See your GP if you have swollen glands and:
If necessary, your GP may request some tests tohelp identify the cause. These can include blood tests , an ultrasound scan or computerised tomography (CT) scan , and/or a biopsy (where a small sample of fluid is taken from theswelling and tested).
Swollen lymph glands are usually a sign of infection and tend to go down when you recover. However, they can sometimes have a more serious cause.
See your GP if you have swollen glands and: they haven't gone down within a few weeks or are getting bigger theyfeel hard or dont move when you press them you also have a sore throat and find it d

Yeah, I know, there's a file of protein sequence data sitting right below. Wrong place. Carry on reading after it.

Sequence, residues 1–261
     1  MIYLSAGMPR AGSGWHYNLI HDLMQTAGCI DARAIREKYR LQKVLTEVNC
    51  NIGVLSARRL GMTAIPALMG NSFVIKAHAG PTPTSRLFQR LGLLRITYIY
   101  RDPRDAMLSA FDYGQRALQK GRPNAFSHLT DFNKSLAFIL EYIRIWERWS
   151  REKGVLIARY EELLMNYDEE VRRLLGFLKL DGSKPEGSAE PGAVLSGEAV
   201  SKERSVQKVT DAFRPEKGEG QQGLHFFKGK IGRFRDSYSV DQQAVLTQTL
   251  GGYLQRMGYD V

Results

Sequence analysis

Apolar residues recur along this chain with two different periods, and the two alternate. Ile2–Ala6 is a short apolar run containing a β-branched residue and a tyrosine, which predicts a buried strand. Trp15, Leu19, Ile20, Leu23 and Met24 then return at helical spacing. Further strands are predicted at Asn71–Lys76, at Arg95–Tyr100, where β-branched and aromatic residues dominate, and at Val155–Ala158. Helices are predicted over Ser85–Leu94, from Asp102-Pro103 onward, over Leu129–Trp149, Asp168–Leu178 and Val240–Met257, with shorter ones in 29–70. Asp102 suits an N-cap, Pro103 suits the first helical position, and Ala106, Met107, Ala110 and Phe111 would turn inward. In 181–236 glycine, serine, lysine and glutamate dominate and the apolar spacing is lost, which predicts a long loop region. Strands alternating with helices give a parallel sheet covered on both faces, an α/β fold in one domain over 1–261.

Swollen glands are usually caused by a relatively minor viral or bacterial infection, including: a Cold tonsillitis glandular fever a throat infection an ear infection a dental abscess
Less often, swollen glandsmay be the result of: rubella a viral infection that causes a red-pink skin rash made up of small spots measles a highly infectious viral illnessthat causes distinctive
Occasionally, swollen glands can be a sign of cancer that has started elsewhere in the body and spread to the lymph nodes, or atype of cancer affecting the white blood cells, such as non-Hodgkin lymph